The Good Life: The winter garden
As the season turns, it's time to plant new vege and grow good ideas. By Michele Hewitson.
There was ice on the chicken’s water bowl every morning last week. I have started feeding the wild birds again, as I do every winter. There is magic in winter. There is something bewitching about icy seed heads and frozen, silvery, artichokes leaves. You know the decree from Narnia’s White Witch that it always be winter, will not come true, which is a comforting thought.
But I like winter. Winter is cool. It kills the bugs. And the hellebores, also aptly known as the winter rose, will flower soon, some with lovely freckly faces, others the colour of claret. This really is magical.
I have picked almost the last of the cherry tomatoes from the glass house. The cherry tomatoes just go and go and they are the best tomatoes I have ever grown, which is not saying much. Every year I buy a couple of expensive tomato plants and they provide about six tomatoes each. Even I — who got 22 per cent in a maths exam my school set for knuckleheads in lieu of School C maths — can calculate that this is uneconomic. The cherry tomatoes are wild tomatoes. They are self-seeded from plants the previous owner left behind. So, really, they grow themselves.
I spent the lock-down properly preparing the vegetable garden. The vegetable garden is another gift from the previous owner and it is enclosed by an enormous cage. This cage is designed to keep out evil chickens and cute but pesky bunnies. I wish it also kept weeds out. I am terrifically good at growing weeds. I am not very good at growing vegetables. I am not meticulous enough, and rows of things make me yawn. And I am too fond of chucking flower seeds — poppies, nasturtiums, sweet peas — among the vege. The flowers grow, haphazardly, and the veges grow not at all.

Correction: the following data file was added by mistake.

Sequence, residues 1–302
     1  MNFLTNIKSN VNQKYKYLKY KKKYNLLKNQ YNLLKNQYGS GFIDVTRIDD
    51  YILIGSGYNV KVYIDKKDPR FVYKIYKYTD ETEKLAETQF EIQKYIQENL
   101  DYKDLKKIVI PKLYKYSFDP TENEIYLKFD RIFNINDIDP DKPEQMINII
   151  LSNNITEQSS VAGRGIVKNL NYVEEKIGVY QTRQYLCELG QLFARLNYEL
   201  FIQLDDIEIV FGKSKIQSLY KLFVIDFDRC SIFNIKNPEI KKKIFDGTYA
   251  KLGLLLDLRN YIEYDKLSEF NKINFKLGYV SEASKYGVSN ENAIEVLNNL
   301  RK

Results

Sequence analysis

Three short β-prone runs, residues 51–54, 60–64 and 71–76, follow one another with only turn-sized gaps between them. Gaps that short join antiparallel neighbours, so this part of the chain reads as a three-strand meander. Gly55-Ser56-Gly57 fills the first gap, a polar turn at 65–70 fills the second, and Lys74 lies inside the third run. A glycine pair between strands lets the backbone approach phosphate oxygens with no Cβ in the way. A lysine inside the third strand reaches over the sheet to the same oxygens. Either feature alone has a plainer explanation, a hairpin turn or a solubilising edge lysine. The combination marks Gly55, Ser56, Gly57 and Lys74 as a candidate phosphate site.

But now that we are unemployed bums, I decided I had better get serious about growing vegetables so as to stave off starvation. The first thing I did was let the chickens in while I dug over the beds. They helped dig and they ate all the bad grubs. This is the first time the evil chickens have ever been useful in the garden, usually they just destroy things.
I soaked newspaper and used it as mulch. The chickens came by and tried to dig up my mulch. They have since been banished from the vegetable cage, and boy, are they complaining. Nothing complains as much as a thwarted chicken. Except a reluctant vege grower.
At least it gave me a job, of sorts.
There are no actual jobs left, certainly not for old crones like me. We will all have to become entrepreneurs. I don’t know how to become an entrepreneur. I am like the perennially thick Father Dougal, who, in an episode of Father Ted, has for the first time ever, a good idea. Then he panics: “I want out. I went too far too soon. I didn’t know you had to follow up a good idea with loads more little good ideas.”
My one good idea is to pinch somebody else’s good idea. I read about a brilliant one in the Guardian the other day. Some goat farmers from Cronkshaw Fold Farm in Lancashire in Britain will, for five quid, insert ten minutes of live footage of a goat into your Zoom video conference.
You get to choose your goat. Mary: Ambivalence. Limited attention span. Totally fine peeing in front of you.
Or Lisa: Passive aggressive bleating. Ferocious hunger. Lack of any form of patience or tolerance of anything.
I figure if they can turn goats into quid we can surely turn sheep into dollars.
We have yet to figure out how actually to insert sheep into video conferences, but when we do we will offer two choices of sheep: Xanthe and Elizabeth Jane.
What to expect from Xanthe: An air of knowing superiority. Constant shouting for mama Greg. Will violently head butt or kick any creature getting more attention than her.
Elizabeth Jane: Has “greed is good” ethos. Will only work fully catered events. Totally fine pooing in your gumboot.
Cronkshaw Farm also offers yoga sessions with goats. To follow up a good idea with a little good idea: how does karate with sheep sound?